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Deconstructing the Subprime Debacle Using New Indices of Underwriting Quality and Economic Conditions: A First Look

Charles D. Anderson, Dennis R. Capozza and Robert Van Order
University Financial Associates LLC and University of Michigan
July 2008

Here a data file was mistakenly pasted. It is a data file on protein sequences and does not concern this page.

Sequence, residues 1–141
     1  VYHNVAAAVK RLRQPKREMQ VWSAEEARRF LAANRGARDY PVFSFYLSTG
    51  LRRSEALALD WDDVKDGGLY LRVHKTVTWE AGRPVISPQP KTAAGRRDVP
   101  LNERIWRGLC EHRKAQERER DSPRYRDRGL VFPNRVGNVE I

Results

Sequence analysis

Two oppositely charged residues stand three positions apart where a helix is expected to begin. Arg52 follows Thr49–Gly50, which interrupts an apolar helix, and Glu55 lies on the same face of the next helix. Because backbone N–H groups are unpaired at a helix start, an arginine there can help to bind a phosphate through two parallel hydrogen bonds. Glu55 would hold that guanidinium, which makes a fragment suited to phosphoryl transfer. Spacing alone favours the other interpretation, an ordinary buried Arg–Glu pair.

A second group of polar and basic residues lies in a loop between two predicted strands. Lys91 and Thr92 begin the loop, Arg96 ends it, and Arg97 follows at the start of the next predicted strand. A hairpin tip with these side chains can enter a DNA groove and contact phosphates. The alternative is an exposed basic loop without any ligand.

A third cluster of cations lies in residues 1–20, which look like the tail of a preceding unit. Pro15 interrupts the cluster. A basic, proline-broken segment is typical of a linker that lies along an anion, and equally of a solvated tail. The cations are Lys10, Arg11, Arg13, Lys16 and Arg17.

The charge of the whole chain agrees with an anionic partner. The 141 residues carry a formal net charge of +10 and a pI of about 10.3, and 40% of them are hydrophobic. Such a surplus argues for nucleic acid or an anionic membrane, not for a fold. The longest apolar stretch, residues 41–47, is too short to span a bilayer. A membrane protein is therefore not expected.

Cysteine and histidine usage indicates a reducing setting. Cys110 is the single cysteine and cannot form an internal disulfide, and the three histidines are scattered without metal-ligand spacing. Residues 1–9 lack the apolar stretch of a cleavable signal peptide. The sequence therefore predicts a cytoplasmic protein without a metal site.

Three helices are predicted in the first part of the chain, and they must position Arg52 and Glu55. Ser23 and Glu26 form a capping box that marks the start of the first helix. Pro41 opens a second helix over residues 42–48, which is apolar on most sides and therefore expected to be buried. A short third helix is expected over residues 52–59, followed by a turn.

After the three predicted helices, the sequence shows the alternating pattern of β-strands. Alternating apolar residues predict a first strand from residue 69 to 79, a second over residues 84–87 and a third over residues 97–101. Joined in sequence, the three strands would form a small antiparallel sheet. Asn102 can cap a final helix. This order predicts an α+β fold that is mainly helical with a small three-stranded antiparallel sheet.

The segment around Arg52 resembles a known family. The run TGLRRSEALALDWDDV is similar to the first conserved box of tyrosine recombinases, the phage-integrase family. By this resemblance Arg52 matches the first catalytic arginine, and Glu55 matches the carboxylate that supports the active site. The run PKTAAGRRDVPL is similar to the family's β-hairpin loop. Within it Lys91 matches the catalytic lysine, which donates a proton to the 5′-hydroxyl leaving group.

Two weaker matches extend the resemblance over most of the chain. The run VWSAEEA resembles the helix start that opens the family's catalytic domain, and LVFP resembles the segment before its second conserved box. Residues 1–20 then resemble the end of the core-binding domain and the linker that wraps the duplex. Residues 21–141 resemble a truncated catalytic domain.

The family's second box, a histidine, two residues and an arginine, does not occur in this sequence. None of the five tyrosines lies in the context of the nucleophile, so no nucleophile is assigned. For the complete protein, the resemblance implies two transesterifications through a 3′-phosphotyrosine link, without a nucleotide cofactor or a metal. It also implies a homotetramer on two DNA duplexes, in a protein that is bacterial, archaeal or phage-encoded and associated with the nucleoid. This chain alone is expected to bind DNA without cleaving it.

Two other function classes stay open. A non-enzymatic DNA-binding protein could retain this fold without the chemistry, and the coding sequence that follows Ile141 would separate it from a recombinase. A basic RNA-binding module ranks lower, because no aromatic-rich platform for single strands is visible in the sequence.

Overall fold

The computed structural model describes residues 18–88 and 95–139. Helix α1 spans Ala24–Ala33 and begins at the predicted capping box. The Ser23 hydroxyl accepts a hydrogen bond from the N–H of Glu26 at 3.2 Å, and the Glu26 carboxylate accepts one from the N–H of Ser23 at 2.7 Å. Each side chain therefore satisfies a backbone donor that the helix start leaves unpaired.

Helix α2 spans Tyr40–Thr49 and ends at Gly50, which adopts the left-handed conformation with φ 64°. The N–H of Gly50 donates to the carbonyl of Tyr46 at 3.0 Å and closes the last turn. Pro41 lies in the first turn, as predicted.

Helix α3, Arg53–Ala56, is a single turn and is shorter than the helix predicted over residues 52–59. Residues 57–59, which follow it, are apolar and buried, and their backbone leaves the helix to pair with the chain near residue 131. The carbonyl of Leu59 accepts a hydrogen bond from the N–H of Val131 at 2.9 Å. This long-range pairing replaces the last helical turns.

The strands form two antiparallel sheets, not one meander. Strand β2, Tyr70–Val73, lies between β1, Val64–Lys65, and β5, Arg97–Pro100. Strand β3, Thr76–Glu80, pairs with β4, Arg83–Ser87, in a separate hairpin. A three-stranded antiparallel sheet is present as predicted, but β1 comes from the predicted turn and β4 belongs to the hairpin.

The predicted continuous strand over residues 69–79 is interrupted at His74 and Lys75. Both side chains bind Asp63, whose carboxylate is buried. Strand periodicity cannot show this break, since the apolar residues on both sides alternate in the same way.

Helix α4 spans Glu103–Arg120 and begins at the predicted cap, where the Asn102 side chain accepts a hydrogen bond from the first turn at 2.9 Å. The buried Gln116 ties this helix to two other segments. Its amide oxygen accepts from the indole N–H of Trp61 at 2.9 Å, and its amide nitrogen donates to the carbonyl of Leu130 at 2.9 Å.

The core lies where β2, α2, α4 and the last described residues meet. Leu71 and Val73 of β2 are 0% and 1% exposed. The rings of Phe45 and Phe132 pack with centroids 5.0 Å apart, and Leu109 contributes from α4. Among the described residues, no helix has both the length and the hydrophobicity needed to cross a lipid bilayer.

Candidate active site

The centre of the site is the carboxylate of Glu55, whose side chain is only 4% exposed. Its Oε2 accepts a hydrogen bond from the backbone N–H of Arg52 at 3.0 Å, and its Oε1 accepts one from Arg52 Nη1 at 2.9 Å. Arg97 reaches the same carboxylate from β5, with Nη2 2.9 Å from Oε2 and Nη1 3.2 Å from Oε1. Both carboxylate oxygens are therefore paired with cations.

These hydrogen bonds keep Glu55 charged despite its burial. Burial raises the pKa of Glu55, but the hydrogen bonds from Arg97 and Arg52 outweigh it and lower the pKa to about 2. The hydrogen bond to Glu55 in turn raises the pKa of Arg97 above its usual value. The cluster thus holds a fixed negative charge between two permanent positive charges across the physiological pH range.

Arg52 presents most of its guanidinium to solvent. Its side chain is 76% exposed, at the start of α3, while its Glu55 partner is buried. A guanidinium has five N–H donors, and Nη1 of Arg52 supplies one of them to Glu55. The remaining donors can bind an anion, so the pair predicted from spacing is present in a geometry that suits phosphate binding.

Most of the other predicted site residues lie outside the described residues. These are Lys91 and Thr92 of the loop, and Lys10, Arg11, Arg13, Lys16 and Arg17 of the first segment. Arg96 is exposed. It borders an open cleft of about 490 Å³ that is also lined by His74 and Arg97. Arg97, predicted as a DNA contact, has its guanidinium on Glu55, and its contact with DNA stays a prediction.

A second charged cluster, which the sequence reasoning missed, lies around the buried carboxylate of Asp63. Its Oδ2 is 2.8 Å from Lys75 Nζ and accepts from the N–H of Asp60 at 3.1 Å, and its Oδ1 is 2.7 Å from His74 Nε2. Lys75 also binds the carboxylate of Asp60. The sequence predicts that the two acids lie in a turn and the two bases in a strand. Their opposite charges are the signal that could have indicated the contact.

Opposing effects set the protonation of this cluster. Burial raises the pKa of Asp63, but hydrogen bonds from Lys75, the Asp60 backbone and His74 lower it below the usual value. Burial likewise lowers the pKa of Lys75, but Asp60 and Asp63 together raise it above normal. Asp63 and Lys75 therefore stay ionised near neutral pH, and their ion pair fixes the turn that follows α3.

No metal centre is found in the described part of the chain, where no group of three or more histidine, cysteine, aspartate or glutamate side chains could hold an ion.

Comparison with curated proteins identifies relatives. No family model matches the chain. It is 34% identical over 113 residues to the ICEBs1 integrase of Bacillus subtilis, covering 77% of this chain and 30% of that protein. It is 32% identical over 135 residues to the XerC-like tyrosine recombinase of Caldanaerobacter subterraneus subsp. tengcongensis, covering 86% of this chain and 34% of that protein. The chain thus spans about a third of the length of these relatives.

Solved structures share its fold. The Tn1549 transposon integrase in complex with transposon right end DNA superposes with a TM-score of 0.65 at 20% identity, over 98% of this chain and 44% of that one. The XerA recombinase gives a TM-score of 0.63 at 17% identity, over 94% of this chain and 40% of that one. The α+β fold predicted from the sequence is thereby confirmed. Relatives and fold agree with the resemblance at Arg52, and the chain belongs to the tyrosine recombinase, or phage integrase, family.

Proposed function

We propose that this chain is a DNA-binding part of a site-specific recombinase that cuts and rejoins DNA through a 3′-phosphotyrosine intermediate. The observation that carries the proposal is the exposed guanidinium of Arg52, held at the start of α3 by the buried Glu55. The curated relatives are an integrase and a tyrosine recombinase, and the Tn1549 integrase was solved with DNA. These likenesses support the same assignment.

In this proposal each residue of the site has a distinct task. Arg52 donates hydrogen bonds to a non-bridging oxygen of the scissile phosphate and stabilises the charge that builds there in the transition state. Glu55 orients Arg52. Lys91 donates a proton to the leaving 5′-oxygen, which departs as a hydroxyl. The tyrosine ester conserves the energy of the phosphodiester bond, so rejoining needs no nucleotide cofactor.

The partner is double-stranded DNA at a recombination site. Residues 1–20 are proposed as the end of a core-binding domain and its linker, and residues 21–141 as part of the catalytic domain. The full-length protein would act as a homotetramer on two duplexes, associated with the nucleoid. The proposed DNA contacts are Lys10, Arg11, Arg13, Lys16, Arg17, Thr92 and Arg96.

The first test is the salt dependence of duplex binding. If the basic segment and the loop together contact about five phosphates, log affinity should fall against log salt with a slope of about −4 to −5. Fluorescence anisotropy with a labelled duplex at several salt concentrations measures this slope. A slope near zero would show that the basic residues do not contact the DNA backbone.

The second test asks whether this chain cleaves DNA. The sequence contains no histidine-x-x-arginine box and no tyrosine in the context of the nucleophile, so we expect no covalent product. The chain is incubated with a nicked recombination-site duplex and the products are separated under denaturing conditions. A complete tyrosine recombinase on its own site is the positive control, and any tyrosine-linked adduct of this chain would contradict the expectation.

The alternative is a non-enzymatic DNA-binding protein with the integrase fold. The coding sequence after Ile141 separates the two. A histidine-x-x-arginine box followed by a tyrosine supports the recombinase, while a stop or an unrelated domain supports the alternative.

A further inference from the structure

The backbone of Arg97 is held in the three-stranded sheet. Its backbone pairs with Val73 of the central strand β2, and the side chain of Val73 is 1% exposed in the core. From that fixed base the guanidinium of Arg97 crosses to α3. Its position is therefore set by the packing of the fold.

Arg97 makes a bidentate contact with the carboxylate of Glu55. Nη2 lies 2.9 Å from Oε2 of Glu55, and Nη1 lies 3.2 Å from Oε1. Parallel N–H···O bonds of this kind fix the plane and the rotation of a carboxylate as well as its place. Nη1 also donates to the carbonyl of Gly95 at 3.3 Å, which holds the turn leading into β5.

We document that technical progress in originating and pricing mortgages has enabled a trend since 1979 toward more relaxed credit standards on mortgage lending, which is reflected in rising foreclosure rates. We then decompose annual variation in mortgage performance measured by share of loans entering foreclosure into a part due to economic conditions and a part due to underwriting changes. The decomposition provides natural metrics or indices of national underwriting quality and economic conditions. The results suggest that the recent subprime debacle can be attributed about equally to each factor. The deterioration since 1990 was marked by two periods. In the first, during the 1990s, there was a lowering of observable credit standards, like loan to value ratios. It was deliberate and related to the use of credit scores and the development of more sophisticated underwriting systems. The negative effects of eroding loan quality on foreclosures were to some extent masked by strong local and national economic conditions during this period. In the second period, after 2002, there was little change in observable loan characteristics like loan to value or credit history. This second period is associated with the rise of subprime and Alt-A markets but also with subprime and other “non-agency” securitization. Securitization induced moral hazard and a deterioration in underwriting standards that was not easily observed by investors in the securities.

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